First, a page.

Prices rose earlier today because Iran test-fired more missiles in the Persian Gulf and a Nigerian militant group said it will end a cease-fire this week. The increase accelerated after futures broke through the previous day's high of $138.28 at 2:09 p.m. after approaching it at least five times today.
Crude oil for August delivery rose $5.60, or 4.1 percent, to settle at $141.65 a barrel at 2:53 p.m. on the New York Mercantile Exchange, the biggest one-day increase since June 6. Prices rose as much as $6.05 to $142.10 a barrel today. Oil touched a record $145.85 on July 3. Futures are up 95 percent from a year ago.
Iran, holder of the second-biggest oil reserves, tested missiles capable of reaching Israel, increasing concern that a conflict may cut supply. The Movement for the Emancipation of the Niger Delta said attacks will resume attacks on oil facilities.
Iran's military today fired the missiles during a third day of war games, Agence France-Presse reported, citing the Web site of Iranian state-run television. Missiles were also launched yesterday.
Iran has ignored United Nations efforts to halt its uranium- enrichment program and says further sanctions won't affect its plans to develop nuclear energy. The U.S. has led international efforts to force Iran to give up enrichment because of concern the technology may be used to develop nuclear weapons.
OPEC Secretary-General Abdalla El-Badri said at a press conference in Vienna today that he hoped there would be no military conflict between Israel and Iran, adding that ``if something were to happen, it is impossible to replace the production of Iran.''
The Nigerian militant group known as MEND will call off its unilateral cease-fire beginning midnight on July 12, the group's spokesman, Jomo Gbomo, said today. MEND has helped cut more than 20 percent of Nigeria's crude oil exports since 2006 by attacking pipelines and other installations.
MEND says it is fighting for a greater share of oil wealth for the impoverished inhabitants of the Niger Delta and accuses successive Nigerian governments of decades of oppression.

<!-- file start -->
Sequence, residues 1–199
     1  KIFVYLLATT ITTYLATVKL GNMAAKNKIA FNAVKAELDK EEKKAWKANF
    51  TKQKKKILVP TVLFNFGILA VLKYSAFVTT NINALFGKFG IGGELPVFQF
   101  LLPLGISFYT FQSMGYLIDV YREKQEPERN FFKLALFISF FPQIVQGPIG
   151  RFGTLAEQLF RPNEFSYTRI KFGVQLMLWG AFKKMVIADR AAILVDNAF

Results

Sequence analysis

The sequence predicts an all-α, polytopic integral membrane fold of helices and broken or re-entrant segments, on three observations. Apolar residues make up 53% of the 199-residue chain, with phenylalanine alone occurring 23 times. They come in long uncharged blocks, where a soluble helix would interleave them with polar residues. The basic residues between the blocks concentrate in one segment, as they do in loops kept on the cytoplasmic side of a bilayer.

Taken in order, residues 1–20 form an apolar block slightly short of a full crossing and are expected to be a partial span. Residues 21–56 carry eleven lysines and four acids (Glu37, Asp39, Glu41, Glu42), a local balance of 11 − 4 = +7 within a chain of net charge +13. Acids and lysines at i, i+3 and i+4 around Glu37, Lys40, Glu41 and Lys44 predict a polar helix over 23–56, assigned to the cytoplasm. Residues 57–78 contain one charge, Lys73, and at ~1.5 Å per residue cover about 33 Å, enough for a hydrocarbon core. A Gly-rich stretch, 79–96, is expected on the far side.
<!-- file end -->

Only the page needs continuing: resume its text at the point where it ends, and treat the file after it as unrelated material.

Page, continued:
The group declared a unilateral cease-fire after a June 19 attack against Royal Dutch Shell Plc's Bonga deep-water oilfield, located 120 kilometers (75 miles) offshore, that cut 190,000 barrels a day of oil output.
The International Energy Agency increased its 2008 demand forecast for the first time in six months today, because of rising consumption in developing countries.
The Paris-based agency increased its outlook by about 0.1 percent, or 80,000 barrels a day, to 86.85 million barrels a day in its monthly report, leaving demand growth at 1 percent for this year. The IEA forecasts the same pace of growth for 2009.
The Organization of Petroleum Exporting Countries, which supplies more than 40 percent of the world's oil, cut its forecast of demand for its own crude oil through 2030, as record prices and environmental considerations encourage consumers to conserve fuel and rely more on biofuels.
OPEC lowered demand forecasts by 4.4 percent to 32.3 million barrels a day in 2015, and by 12 percent to 43.6 million a day in 2030, the group's secretariat said today in its World Oil Outlook report. This means OPEC may unnecessarily commit $300 billion to new fields over the next 12 years, it said.